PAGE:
Many people don’t realize that HSAs can be invested in mutual funds or other investment vehicles such as ETFs, similar to IRA retirement accounts. This can significantly increase the account’s growth potential over the long term.

Comparing HSAs with Other Health Accounts

HSAs versus FSAs

There are key differences between HSAs and Flexible Spending Accounts (FSAs). For instance, HSAs offer higher contribution limits and the ability to rollover the entire balance from year to year, unlike FSAs which often have use-it-or-lose-it policies.

HSAs and Retirement Planning

HSAs share similarities with retirement accounts like 401(k)s and IRAs because of their tax benefits. In fact, after reaching age 65, you can withdraw funds for non-medical expenses without penalty, though such withdrawals would be taxed as income.  Also, like Roth IRAs there is no required minimum distribution age.

Maximizing Your HSA Benefits

Strategies for Saving and Spending

To make the most of your HSA, consider contributing the maximum allowable amount and using the account primarily for major medical expenses, thereby allowing your balance to grow.

Investment Strategies

Choose investments within your HSA that align with your risk tolerance and time horizon. Diversify your investments to maximize growth and reduce risk.  An HSA should be used to increase your retirement income diversification.  This means having multiple times of accounts that are taxed differently once you hit retirement.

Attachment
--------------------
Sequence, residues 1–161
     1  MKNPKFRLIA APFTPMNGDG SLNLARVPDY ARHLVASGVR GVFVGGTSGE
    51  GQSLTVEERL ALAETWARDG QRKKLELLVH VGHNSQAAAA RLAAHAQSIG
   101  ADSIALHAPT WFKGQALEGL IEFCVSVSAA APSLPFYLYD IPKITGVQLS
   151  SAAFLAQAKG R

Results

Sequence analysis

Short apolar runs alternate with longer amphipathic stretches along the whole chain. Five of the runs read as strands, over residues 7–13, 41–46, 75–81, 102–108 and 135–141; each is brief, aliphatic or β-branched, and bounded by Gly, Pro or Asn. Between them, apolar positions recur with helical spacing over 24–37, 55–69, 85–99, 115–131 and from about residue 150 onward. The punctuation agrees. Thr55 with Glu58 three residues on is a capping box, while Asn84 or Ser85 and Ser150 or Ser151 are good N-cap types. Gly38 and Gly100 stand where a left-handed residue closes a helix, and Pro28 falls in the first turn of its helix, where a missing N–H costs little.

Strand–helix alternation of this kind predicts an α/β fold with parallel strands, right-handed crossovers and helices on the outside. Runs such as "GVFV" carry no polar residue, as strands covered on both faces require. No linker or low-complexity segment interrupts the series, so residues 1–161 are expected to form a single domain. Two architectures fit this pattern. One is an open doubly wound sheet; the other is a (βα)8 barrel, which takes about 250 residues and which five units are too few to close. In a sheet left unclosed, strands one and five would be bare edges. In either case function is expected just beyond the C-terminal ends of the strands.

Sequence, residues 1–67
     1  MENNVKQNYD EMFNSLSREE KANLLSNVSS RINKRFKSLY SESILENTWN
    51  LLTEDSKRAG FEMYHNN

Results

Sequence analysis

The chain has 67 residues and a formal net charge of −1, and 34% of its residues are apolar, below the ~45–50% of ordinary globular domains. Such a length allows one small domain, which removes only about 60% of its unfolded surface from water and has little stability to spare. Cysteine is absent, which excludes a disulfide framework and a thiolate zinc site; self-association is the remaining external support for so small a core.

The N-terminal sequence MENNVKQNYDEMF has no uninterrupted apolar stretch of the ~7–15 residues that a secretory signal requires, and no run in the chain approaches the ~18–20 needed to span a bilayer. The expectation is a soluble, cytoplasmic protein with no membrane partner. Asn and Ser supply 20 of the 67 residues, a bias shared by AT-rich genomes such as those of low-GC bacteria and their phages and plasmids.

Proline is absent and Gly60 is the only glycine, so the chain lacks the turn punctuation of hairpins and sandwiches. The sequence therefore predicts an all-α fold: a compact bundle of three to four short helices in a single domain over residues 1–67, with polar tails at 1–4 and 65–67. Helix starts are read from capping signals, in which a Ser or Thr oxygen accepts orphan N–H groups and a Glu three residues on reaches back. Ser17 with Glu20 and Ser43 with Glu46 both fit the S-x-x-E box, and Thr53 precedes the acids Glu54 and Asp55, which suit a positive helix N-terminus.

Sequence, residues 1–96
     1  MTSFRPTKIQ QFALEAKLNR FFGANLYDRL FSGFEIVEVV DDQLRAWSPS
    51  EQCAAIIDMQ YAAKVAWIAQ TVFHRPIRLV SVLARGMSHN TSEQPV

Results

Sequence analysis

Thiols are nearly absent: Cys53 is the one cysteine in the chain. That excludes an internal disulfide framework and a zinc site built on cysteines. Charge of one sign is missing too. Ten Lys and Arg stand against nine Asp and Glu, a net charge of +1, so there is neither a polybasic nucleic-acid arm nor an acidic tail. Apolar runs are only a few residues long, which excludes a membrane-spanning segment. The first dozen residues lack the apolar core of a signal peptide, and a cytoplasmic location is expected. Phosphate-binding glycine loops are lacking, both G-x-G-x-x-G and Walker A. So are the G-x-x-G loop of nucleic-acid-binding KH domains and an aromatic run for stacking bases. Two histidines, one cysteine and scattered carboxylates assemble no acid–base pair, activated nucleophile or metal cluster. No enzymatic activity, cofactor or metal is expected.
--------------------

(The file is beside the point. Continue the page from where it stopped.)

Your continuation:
Planning for the Future

Integrate your HSA into your long-term financial plan. Look at it as a complementary tool to your other retirement accounts, providing additional savings for healthcare costs.

Common Misconceptions About HSAs

Many people wrongly assume that HSAs are only beneficial for individuals with significant medical expenses. However, HSAs can benefit anyone with an HDHP, offering financial and tax advantages that extend beyond healthcare spendings, such as growing funds for future medical needs or retirement.

Key Takeaways for Getting Started with Your HSA:

  1. Choosing an HSA Provider: Look for providers with low fees, diversifying investment options, and convenient account access.
  2. Opening Your Account: Online applications simplify the process, requiring just your personal details, HDHP information, and sometimes an initial deposit.
  3. Contributing to Your HSA: Arrange automatic contributions to ensure steady growth of your HSA funds, benefiting you in the long run.


For young professionals eyeing both their healthcare costs and future savings, HSAs are an attractive and potent financial tool. With the tax benefits and investment potential, HSAs deserve consideration in your overall wealth-building strategy.

If you have any further questions about an HSA, head over to FitBUX and schedule a call. Don’t leave your healthcare expenditure and savings to chance; consider your unique financial situation and how an HSA could work in your favor. Remember, intelligent planning today paves the way for a healthy and financially secure tomorrow.

Joseph Reinke, CFA

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About the Author

Joseph Reinke is a Chartered Financial Analyst (CFA) Charter Holder and founder of FitBUX which has helped over 14,000 young professionals on their journey to financial freedom. Joseph has been personally investing since he was 12 years old.

In addition, he has experience in student loans, mortgages, wealth management, investment banking, valuation, stock trading, and option trading. He has been on 100s of podcast and has been invited to 100s of universities to discuss financial planning with their soon to be graduates.